Tobacco use

The majority of patients with oral cancer (90 percent) use tobacco in one form or another. Tobacco can damage cells in the lining of the oral cavity and oropharynx, causing abnormal cells to grow more rapidly to repair the damage.

Alcohol use

The majority of patients with oral cancer (75 to 80 percent) use alcohol frequently. Paired with tobacco use, patients who drink and smoke increase their risk of developing oral cancer even more.


Prolonged exposure to ultraviolet radiation from the sun can cause skin cancer

Chronic irritation

Chronic irritation to the lining of the mouth, due to poorly fitting dentures or other reasons, may increase a person's risk for oral cancer.

Lack of fruits and vegetables in diet

Research has suggested that fruits and vegetables, which contain antioxidants that can "trap" harmful molecules, can decrease the risk for oral cancer (and other cancers). Thus, it is speculated that persons with a low intake of these types of foods are at an increased risk for (oral) cancer.

Human papillomavirus (HPV) infection

HPV usually causes warts and has been linked to cervical, vaginal, and penile cancers. HPV may also increase the risk for oral cancers.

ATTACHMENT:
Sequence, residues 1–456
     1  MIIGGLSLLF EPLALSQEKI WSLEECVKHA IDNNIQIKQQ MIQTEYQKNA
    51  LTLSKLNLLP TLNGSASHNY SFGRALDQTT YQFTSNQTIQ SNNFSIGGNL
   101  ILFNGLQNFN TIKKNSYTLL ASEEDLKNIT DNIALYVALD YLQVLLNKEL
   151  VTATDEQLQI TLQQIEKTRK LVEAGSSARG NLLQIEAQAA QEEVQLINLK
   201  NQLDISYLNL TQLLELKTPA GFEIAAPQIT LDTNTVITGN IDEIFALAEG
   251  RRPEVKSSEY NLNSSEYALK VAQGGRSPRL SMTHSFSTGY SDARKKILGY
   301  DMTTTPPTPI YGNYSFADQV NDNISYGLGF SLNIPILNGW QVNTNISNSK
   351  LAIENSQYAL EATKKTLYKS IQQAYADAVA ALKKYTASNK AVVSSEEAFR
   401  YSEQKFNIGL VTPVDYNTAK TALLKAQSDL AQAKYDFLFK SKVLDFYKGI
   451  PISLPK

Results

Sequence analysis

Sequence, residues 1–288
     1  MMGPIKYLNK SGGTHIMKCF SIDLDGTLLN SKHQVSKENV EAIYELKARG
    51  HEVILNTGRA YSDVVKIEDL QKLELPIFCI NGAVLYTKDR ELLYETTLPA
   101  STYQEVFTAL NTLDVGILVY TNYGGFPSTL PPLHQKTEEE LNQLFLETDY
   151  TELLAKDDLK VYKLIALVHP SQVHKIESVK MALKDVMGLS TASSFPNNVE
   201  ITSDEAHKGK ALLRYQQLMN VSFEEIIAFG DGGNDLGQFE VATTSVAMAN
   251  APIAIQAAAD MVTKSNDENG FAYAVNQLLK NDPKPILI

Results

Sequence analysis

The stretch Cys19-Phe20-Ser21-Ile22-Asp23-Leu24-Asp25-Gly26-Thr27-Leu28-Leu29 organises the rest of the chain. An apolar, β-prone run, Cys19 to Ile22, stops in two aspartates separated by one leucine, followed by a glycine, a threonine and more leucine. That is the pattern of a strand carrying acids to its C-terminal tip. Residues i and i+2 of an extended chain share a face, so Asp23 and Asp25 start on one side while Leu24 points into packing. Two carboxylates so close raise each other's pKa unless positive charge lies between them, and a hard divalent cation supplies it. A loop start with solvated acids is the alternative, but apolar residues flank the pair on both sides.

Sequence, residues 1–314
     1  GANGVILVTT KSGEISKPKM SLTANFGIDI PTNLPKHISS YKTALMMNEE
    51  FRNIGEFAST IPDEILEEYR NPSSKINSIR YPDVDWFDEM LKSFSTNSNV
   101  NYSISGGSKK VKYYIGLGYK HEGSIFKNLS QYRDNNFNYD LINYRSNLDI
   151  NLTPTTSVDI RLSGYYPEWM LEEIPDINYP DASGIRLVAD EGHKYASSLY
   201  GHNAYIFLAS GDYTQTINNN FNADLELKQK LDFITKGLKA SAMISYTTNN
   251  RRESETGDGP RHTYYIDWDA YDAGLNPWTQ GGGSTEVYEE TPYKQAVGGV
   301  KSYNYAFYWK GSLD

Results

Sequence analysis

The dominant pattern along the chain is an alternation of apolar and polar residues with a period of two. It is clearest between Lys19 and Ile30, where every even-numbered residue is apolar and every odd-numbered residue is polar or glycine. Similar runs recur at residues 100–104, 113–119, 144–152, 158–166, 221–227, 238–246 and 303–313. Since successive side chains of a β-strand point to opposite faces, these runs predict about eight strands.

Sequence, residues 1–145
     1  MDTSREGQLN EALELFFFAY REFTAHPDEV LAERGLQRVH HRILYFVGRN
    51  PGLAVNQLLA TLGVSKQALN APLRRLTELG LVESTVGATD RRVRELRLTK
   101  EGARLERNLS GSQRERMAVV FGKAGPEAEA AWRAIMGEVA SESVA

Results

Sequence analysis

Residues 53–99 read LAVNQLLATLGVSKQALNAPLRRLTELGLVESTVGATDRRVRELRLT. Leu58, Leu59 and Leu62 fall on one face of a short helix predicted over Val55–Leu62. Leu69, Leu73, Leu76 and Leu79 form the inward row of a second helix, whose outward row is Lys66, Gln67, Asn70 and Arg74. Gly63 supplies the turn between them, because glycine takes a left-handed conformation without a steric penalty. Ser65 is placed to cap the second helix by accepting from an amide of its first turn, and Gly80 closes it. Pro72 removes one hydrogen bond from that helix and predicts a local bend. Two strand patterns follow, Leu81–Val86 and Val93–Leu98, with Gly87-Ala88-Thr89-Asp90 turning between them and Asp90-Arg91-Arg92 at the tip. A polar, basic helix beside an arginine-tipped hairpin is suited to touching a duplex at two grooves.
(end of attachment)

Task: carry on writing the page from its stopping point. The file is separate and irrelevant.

Oral cancer is twice as common in men then in women, partly because men are more likely to use tobacco and alcohol.


Periodic self-examination of the mouth is the best way to detect the early signs of oral and throat cancer. When detected early, oral cancer is always successfully treated.

If you have symptoms that suggest oral cancer, the doctor or dentist checks your mouth and throat for red or white patches, lumps, swelling, or other problems. This exam includes looking carefully at the roof of the mouth, back of the throat, and insides of the cheeks and lips. The doctor or dentist also gently pulls out your tongue so it can be checked on the sides and underneath. The floor of your mouth and lymph nodes in your neck also are checked. In addition to a complete medical history and physical examination, diagnostic procedures for oral cancer may include one or more of the following :